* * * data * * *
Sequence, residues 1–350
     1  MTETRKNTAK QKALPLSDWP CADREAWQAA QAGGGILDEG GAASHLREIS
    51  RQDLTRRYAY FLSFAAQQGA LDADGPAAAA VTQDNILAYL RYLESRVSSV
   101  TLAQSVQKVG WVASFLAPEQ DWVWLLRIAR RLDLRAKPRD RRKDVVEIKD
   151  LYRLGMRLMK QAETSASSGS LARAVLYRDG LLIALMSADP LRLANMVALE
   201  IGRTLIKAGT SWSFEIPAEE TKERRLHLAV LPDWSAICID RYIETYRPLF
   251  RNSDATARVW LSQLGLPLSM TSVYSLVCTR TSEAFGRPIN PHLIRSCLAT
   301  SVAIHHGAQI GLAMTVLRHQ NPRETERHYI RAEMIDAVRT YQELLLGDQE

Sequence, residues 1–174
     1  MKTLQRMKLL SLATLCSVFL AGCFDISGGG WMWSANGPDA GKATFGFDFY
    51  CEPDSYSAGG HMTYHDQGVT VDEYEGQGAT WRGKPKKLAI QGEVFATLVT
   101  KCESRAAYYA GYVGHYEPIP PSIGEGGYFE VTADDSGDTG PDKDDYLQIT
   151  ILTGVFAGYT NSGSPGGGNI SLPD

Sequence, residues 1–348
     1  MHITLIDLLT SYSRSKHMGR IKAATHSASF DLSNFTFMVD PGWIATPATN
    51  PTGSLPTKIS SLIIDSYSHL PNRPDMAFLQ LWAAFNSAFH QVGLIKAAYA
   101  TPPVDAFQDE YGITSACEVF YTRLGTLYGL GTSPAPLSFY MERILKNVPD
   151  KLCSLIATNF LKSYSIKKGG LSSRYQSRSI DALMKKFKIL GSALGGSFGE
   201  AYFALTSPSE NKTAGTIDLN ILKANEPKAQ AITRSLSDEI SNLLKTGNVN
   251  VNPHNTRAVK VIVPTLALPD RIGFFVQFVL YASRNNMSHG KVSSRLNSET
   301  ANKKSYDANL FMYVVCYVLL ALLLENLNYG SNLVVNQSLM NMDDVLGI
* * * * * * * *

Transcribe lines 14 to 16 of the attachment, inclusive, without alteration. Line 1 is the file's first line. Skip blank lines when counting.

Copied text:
Sequence, residues 1–348
     1  MHITLIDLLT SYSRSKHMGR IKAATHSASF DLSNFTFMVD PGWIATPATN
    51  PTGSLPTKIS SLIIDSYSHL PNRPDMAFLQ LWAAFNSAFH QVGLIKAAYA